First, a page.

I’ve had a Magic Trackpad for less than a week now, and already I’m totally sold. There is so much control over the system using all of the gestural controls, that (for the first time ever) a user can do pretty much everything more conveniently, and more quickly, without touching the keyboard. Apple have created a user experience whereby rather than keeping your hands on the keyboard, you keep your hand on the trackpad.

So will the mouse put up a fight or will it go quietly? I think, given the natural propensity for most humans to fear change, and like what they know – it’ll be a good few years before the mouse goes anywhere; but I really believe that once users try a large, multitouch trackpad – they, like me, won’t want to go back.

It’ll also need rather more multitouch trackpads to become available (although the likes of Wacom have introduced an excellent product with their bamboo touch tablet – such products are still few and far between), and it’ll need Microsoft to introduce “Mac-like” multitouch gestures into the heart of Windows (although if the last few years are anything to judge by, where Apple lead, everyone else follows). This is something that I think is likely to accelerate over time, as the simplicity of mobile OS interfaces start to cross back onto the desktop. So I think we have hit a high-water mark for the mouse; and it’s days are now numbered.

Of course the multitouch trackpad isn’t the only device competing with the mouse. There’s also the question of cutting out the middle-man entirely – and using a touchscreen display. After all the tablet market is doing exactly that… The difference, I think is twofold though. Firstly I genuinely don’t think that (for most purposes) a 30″ touchscreen is very convenient. Dragging something from one side of the screen to the other would be just too much like hard work. On a 10″ iPad it’s fine; but something three times that size?

Then there’s the question of ergonomics. If I have to hold my arms out in front of me all day to interact with my touchscreen, then my arms are going to get tired… And, as an aside that’s why I doubt that the “Minority Report” style gestural interface will never catch on – it’s just too energetic! On the other hand, if I mount my display (as I might a tablet) horizontally flat on my desktop then I’m going to have to sit with a terrible posture – it’s bad enough using an iPad on your lap: sitting over a table display all day is bound to give you a stiff neck.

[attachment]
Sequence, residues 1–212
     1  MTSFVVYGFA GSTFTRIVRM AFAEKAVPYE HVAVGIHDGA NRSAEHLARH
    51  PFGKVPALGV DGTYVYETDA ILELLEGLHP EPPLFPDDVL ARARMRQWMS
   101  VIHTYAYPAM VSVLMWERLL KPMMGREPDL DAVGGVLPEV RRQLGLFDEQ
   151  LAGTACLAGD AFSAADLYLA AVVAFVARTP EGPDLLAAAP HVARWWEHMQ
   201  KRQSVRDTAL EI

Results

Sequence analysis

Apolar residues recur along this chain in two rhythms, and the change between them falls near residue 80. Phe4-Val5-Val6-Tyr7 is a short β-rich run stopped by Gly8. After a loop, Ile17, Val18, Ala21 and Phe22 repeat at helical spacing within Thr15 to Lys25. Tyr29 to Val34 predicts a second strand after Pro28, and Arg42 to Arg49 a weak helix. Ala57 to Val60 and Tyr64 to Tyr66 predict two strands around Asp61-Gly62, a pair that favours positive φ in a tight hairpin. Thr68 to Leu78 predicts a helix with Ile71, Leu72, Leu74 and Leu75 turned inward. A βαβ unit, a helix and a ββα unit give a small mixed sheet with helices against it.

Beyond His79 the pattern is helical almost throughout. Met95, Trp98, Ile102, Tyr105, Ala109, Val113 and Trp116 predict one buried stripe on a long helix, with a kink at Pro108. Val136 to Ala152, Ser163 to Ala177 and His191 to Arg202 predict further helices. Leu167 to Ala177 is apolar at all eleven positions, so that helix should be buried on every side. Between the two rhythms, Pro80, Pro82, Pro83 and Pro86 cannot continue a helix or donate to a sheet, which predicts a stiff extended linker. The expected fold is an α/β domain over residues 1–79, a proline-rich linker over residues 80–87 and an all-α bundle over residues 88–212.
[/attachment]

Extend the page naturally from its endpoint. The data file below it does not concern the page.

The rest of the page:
Whilst I can’t predict that someone won’t solve these problems, or come up with a new, as yet unthought of user interface device – I really do think that the mouse is heading the way of the light pen…

iPad delays…

Wired is now reporting that Apple have now said that the iPad won’t get an “international” (i.e. European) release until the end of May 2010.

This is somewhat disappointing news for Apple fans on this side of the Atlantic.

Apple cite spectacular sales figures in the US as the reason for the delay.  Keeping people waiting doesn’t seem like a terribly clever marketing strategy – so I can only presume that this is down to a real shortage.

I suppose the only upside to this, is that it gives Apple a little longer to develop a firmware fix for the wifi problems that have been experienced by some users.

Why iPad isn’t a laptop killer…

There’s been a lot of comment about Apple’s new iPad – much of it very positive but not universally so

It’s Cory’s point that I want to talk about here.

Before I start, I have to “declare an interest” (as it were) – I am an Apple fanboy; I admit that – but that doesn’t (or at least, I hope it doesn’t, make me unable to take a more dispassionate and reasoned view).

I think that Cory is wrong – because he’s looking at the iPad as a computer…  It’s not; rather it’s the first serious & mass-market “web appliance”.

For as long as I can remember, the editorials in computing magazines have heralded the end “computing” as an activity for the chosen few – and it being for “the masses”.  Even long before my day, there were those who viewed innovations such as “high level languages” as opening up computers for the man in the street.

Sadly, and also for as long as I can remember, those same editorial columns have also been full of stories telling us that computers are just too hard to use.  Even the advent of the GUI, and with the uptake of internet use in the last fifteen-years, mass-market sales, hasn’t really helped.  You still read columns pointing out that washing machines don’t need you to reinstall their operating system every eighteen-months because they’ve gotten a bit slow…